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The Economic Growth and Jobs Creation Plan
Yesterday, the House Ways and Means Committee conducted the first of four hearings on President Bush’s economic growth plan. Treasury Secretary Snow, the first Administration representative called before the committee, deflected Democratic opposition and hammered on the package’s pro-growth and jobs creation features.
Chairman Thomas (R-Calif.) would like to have the bill marked up and on the House floor by March 24. Although some House Republican moderates have reservations on the proposal’s pricetag, House passage of the plan is near certain. In fact, some lawmakers have urged party leaders to consider adding more simulative tax cuts to the plan, such as reducing further the capital gains tax.
Action in the Senate is still pending. Senate Finance Committee Chairman Grassley (R-Iowa) has yet to schedule hearings on the issue, as he prefers to wait until a budget resolution is completed.
With respect to the budget, both Rep. Nussle (R-Iowa) and Sen. Nickles (R-Okla.) chairmen of their respective Budget Committees, are both hoping to have their budget resolutions passed as quickly as possible. Passing a budget resolution is a necessity for the tax plan. Senate procedure will allow the tax cut to be approved under reconciliation, which allows a simple majority for passage, instead of 60 votes.
However, both chambers have yet to agree on how far out the budget should be written, either a five or ten year plan. This final number is important because it will essentially determine how long the tax cuts will be valid. In either case, the tax cuts will expire after five or ten years, whichever budget figure is used, and therefore a future vote is needed to permanently lock in the tax cuts. Nevertheless, both chairmen hope to have a conference budget report passed before April 15.
Yesterday, the House Energy and Commerce Committee approved medical malpractice reform legislation, which would cap “non-economic damages” at $250,000. It’s likely that the Judiciary Committee will do the same today. The bill now moves to the House floor where it will face predictable opposition by Democrats.
Essentially, the malpractice reform bill addresses the booming rise of medical malpractice insurance. Doctors and medical practitioners in dozens for states have been either forced to retire early, move out of the profession, or move to other states in order to escape exorbitant insurance rates caused by excessive lawsuits brought on by trial lawyers.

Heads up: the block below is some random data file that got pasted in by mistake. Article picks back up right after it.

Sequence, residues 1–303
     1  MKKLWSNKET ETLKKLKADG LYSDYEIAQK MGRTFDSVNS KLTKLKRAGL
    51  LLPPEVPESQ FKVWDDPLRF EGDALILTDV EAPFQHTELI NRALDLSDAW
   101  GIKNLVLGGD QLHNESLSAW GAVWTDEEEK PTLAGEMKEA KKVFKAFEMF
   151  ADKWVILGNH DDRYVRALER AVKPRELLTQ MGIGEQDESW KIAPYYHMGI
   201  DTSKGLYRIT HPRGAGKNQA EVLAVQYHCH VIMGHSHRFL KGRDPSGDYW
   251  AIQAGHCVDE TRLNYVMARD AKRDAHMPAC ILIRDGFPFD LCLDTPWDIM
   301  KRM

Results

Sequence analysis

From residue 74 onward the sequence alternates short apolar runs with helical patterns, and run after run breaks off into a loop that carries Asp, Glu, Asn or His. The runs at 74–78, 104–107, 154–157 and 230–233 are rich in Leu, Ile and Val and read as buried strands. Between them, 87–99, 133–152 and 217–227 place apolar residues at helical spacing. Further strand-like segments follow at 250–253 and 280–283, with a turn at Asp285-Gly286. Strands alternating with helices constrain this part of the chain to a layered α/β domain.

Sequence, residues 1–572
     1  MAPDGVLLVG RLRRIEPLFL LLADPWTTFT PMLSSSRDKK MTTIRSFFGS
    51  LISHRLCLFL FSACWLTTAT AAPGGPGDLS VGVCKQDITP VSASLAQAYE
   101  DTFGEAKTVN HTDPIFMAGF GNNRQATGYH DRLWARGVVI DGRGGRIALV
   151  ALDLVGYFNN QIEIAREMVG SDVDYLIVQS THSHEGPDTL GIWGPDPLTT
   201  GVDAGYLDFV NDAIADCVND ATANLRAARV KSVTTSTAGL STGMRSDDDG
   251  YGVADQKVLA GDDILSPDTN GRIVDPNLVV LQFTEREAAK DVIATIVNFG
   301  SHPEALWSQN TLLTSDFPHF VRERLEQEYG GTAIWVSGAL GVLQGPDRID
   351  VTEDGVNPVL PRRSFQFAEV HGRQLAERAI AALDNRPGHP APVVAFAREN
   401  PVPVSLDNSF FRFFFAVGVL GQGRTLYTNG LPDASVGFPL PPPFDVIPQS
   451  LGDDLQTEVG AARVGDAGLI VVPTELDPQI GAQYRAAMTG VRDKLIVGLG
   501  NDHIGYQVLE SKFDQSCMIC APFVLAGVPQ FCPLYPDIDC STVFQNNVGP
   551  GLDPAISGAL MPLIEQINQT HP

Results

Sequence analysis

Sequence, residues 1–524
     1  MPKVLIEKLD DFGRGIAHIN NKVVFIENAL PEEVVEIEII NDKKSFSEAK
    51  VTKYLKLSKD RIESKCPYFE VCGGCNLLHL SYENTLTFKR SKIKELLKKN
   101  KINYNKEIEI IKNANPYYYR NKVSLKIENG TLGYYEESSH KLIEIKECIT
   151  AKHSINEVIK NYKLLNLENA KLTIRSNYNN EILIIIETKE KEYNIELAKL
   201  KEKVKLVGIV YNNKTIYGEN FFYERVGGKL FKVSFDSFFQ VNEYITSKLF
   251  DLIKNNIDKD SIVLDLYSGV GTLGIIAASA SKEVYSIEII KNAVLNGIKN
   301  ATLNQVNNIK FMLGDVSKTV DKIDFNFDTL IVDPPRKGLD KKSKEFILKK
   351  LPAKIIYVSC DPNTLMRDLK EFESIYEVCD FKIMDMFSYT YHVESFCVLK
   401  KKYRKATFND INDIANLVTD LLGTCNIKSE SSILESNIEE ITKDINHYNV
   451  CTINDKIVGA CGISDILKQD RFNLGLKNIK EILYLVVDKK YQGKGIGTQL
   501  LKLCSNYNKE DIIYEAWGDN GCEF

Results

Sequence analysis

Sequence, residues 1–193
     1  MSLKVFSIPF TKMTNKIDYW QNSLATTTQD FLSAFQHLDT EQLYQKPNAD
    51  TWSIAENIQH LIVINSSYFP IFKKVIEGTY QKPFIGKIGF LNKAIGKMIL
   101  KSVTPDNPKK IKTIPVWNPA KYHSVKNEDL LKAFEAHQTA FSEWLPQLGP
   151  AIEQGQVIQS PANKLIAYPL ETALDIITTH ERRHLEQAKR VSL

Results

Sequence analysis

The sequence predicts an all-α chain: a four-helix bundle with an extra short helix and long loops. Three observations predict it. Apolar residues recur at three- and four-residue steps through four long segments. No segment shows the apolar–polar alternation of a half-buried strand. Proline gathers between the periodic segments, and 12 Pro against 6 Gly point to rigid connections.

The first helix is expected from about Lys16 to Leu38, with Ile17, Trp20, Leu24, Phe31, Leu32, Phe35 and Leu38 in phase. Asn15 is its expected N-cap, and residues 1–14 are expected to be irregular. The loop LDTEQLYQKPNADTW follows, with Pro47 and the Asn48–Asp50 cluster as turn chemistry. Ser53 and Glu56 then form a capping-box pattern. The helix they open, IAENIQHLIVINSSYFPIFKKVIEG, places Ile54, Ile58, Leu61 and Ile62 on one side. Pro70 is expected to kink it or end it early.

Republicans Move to Limit Debate on Estrada
Republican senators have agreed to invoke cloture on the Estrada nomination. Cloture will cut off debate on the issue and force a vote in which only a simple majority is needed for confirmation; however, it takes 60 votes to invoke cloture. Republicans are five votes short of 60; Democrats are holding firm.
The strategy behind this move is to force Democrats to take successive votes against cloture, which will paint them as obstructionist. Republicans are hoping that this move may eventually turn at least five Democrats to favor Estrada.
It’s hard to see how this will work though. This is an ideological battle, and Democrats are firmly opposed to the nomination as a sure way to bolster their position with their base supporters. Therefore, Democrats know they have to make their stand on the Estrada issue. They can play the angle that they are “protecting” the judiciary from a “right-wing” conservative ideologue who will overturn Roe-v-Wade, allow polluters to despoil our environment, and so on. By firmly filibustering, they can throw a sop to all their interests groups.
It’s hard to see Estrada on the U.S. Circuit Court of Appeals for D.C. anytime soon.
Bringing Home the Bacon, or Just Dishing it Out
Tucked away in the 3,000-page omnibus appropriations bill is a $202,500 grant to help fund a multi-purpose meeting facility on Dotham, Alabama’s National Peanut Festival fairgrounds.
A press release by Congressman Terry Everett (R-Ala.), the sponsor of the appropriation, stated:
“The multi-purpose facility will be used to house additional activities when the Festival's large arena is already occupied. Given the Festival Fairgrounds’ frequent use as a community gathering place for shows and exhibitions, the need already exists for the new facility.”